A few weeks before Russia invaded Ukraine, Valerie Glodan, wrote in a post on Instagram that she was living with “a new level of happiness” after she gave birth to her first child.
“Our girl is one month old now,” she wrote in the post, showing a photograph taken in late pregnancy. “It has been the best 40 weeks.”
But the chapter ended in tragedy on Saturday, when Ms. Glodan, 27, was killed with her three-month-old daughter, Kira, after a missile hit a residential area on the outskirts of the Black Sea port of Odesa, where they were staying. They had just moved in with Ms. Glodan’s mother, who was also killed in the attack.
The Instagram post and the violent death of a newborn broke through the daily reports of Russian attacks, whose randomness has caught many civilians — unable to flee or refusing to do so — in the middle.
“The war started when this baby was one month old. Can you imagine what is happening?” President Vladimir Zelensky of Ukraine said, in tears, at a news conference a few hours after the attack.
Five others were also killed when two cruise missiles hit the residential neighborhood in the Tairove district in the far western corner of the city and the number is set to rise given the extent of the damage, Ukrainian officials said. Photographs and video appeared to show extensive damage.
“I am filled with emptiness.” said one of her close friends, Oleksandra Iliashenko. She was “a bright light, full of life,” she said and added: “She gave me hope for our future.”
A few weeks before, Ms. Glodan had called Ms. Iliashenko to tell her that she was starting to feel uneasy about the mounting violence. She said she had moved her family from their high-rise apartment, close to Odesa’s airport, to her mother’s home in the Tairove district, which is further from the city center.
The two friends talked and agreed that if the apartment the family abandoned was hit, it would be time to leave Odesa. Instead, the mother’s home was destroyed.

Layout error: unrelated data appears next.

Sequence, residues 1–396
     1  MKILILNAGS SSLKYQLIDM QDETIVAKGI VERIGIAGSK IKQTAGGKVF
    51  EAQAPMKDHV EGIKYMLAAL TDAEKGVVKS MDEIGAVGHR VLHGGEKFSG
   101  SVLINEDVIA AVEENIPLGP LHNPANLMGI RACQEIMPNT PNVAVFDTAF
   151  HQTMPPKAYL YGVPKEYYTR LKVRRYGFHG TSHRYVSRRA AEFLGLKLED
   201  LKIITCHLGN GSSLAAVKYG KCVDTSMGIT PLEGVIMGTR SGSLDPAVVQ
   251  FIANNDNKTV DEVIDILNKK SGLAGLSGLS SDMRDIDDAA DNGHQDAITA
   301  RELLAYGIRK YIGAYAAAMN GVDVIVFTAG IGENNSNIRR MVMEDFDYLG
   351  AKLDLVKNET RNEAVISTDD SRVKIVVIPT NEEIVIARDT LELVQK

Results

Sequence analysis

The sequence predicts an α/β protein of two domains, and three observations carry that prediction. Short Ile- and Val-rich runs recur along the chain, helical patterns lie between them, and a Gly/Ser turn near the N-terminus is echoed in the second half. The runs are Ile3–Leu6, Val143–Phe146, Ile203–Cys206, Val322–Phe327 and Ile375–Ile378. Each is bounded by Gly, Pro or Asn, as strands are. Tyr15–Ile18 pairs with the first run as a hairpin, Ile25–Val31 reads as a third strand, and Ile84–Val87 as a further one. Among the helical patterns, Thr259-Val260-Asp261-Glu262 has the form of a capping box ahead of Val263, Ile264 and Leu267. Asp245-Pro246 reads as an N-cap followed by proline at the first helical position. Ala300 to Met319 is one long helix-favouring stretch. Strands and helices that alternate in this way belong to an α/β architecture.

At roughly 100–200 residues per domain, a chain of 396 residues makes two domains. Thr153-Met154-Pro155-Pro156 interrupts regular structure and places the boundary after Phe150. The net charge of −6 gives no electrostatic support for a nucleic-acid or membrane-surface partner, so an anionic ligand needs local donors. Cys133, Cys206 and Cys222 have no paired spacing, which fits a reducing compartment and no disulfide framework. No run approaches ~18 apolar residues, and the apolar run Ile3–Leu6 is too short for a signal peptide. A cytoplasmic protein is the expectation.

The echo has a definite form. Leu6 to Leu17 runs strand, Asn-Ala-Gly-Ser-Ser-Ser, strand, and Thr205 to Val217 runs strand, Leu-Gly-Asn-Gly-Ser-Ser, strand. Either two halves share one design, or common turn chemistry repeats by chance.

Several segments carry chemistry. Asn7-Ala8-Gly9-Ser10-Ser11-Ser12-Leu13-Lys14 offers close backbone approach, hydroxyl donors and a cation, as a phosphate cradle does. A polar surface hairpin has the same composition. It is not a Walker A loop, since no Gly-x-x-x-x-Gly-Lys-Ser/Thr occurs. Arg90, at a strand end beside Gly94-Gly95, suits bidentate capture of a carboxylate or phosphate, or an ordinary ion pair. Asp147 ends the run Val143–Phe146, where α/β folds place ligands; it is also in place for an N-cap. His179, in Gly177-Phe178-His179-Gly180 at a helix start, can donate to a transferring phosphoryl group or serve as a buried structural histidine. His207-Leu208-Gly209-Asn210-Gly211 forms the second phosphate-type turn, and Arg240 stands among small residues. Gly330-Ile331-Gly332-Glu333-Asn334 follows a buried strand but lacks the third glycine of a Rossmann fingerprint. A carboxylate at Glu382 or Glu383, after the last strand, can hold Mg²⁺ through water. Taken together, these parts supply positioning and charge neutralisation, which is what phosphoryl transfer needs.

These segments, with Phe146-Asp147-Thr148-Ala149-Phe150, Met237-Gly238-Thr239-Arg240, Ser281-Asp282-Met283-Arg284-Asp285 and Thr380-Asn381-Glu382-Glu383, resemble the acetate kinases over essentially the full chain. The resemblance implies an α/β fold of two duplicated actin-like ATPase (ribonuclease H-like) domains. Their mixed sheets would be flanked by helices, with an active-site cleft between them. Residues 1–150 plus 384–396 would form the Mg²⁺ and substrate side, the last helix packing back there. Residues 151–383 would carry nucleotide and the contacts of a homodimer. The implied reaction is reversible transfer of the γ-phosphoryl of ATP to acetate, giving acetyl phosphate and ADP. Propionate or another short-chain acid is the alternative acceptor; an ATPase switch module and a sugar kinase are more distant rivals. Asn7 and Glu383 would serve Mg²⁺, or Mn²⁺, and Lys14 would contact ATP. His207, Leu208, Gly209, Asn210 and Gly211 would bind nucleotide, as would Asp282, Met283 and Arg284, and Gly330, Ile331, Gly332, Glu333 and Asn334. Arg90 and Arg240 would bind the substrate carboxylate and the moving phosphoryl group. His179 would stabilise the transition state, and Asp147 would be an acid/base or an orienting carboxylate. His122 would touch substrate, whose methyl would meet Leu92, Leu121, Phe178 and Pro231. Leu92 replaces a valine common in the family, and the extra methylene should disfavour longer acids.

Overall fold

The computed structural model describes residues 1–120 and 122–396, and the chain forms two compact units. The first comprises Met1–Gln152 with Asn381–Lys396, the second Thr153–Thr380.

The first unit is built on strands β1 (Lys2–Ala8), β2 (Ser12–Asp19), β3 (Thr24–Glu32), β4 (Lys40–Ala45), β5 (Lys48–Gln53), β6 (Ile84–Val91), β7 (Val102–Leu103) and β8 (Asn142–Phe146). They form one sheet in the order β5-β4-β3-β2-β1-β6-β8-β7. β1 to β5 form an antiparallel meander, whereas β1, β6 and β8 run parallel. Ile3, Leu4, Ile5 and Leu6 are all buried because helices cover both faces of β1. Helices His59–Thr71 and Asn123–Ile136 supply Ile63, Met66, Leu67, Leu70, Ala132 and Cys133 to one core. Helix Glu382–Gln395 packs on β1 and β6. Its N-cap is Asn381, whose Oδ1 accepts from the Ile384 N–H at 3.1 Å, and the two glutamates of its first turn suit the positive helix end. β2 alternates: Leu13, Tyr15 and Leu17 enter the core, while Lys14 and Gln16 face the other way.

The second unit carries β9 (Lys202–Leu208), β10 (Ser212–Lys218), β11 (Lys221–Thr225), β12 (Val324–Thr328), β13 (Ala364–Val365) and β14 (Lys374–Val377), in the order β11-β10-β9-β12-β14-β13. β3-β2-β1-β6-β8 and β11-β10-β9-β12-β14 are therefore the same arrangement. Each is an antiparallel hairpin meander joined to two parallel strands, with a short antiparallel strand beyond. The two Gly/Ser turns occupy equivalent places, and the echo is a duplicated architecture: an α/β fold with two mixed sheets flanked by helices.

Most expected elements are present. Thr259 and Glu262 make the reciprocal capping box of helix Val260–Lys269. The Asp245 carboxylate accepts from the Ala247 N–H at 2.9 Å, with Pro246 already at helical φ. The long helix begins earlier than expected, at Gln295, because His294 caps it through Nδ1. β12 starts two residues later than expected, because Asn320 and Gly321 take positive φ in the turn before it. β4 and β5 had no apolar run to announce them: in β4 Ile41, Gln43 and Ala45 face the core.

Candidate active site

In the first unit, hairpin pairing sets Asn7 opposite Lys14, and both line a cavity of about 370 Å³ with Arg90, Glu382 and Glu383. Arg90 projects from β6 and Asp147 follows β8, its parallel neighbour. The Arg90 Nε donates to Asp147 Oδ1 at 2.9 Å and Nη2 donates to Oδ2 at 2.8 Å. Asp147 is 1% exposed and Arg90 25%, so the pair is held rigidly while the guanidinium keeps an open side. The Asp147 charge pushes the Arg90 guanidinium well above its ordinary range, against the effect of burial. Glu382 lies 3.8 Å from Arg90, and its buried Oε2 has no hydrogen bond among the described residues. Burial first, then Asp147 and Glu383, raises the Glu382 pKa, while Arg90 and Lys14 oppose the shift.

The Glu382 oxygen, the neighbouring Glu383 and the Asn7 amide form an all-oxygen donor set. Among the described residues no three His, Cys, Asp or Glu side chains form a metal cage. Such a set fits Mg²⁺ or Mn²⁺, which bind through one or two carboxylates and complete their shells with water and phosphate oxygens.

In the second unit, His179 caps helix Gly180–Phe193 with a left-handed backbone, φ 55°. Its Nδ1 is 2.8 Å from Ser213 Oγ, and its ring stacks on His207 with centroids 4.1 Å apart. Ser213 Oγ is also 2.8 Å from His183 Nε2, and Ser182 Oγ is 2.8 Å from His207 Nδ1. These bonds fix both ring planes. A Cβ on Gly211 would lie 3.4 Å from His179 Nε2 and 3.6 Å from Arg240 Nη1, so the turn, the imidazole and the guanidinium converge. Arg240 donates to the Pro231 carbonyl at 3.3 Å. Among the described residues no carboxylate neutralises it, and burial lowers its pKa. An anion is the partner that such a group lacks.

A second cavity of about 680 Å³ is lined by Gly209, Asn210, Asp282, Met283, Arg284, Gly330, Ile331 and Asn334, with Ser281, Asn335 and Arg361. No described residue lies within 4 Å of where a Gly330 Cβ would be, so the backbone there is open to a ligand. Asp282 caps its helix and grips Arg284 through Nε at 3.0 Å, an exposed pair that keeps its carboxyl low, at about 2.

The two women met while studying journalism at the University of Odesa, and since then their lives ran in tandem. After college they started their first jobs at the same time and found husbands who became good friends. They bought neighboring apartments and were always rotating through each other’s front doors, planning parties, exchanging pets, looking after plants and later, children.
“We were planning on raising our families together. She was always telling me that we were in our prime, with such amazing opportunities — she believed we had great lives,” Ms. Iliashenko said, between sobs. She spoke in a phone interview from Warsaw, where she has been staying for the past few weeks.
She described her friend as strong-willed and industrious with a warm sense of humor. She loved her work in public relations, but had a talent for painting and an ear for poetry. “She built everything that she had. I admired her very much,” Ms. Iliashenko said.
In the weeks following the invasion, the two friends told each other they doubted the war would come to Odesa, and they believed the conflict would be over in three weeks, Ms. Iliashenko said. They tried to distract each other by cooking meals together and dreaming up vacations their families could take when the war ended.
Ukraine’s foreign minister, Dmytro Kuleba, reacted with anger on Twitter, saying the only objective of Russian missile strikes in Odesa is terror.
Ms. Glodan’s husband, Uri, who survived the attack, was around the corner at a shop when the missile struck, Ms. Iliashenko said.
Mr. Glodan, a well-known Odesa baker, had spent the lead-up to the Orthodox Easter weekend making cakes for sale, decorated in the blue and yellow of the Ukrainian flag. On Sunday, he posted a series of photos to his Instagram account, commemorating his wife, daughter and mother-in-law. “My dear ones” he wrote under the images. “You are in our hearts!”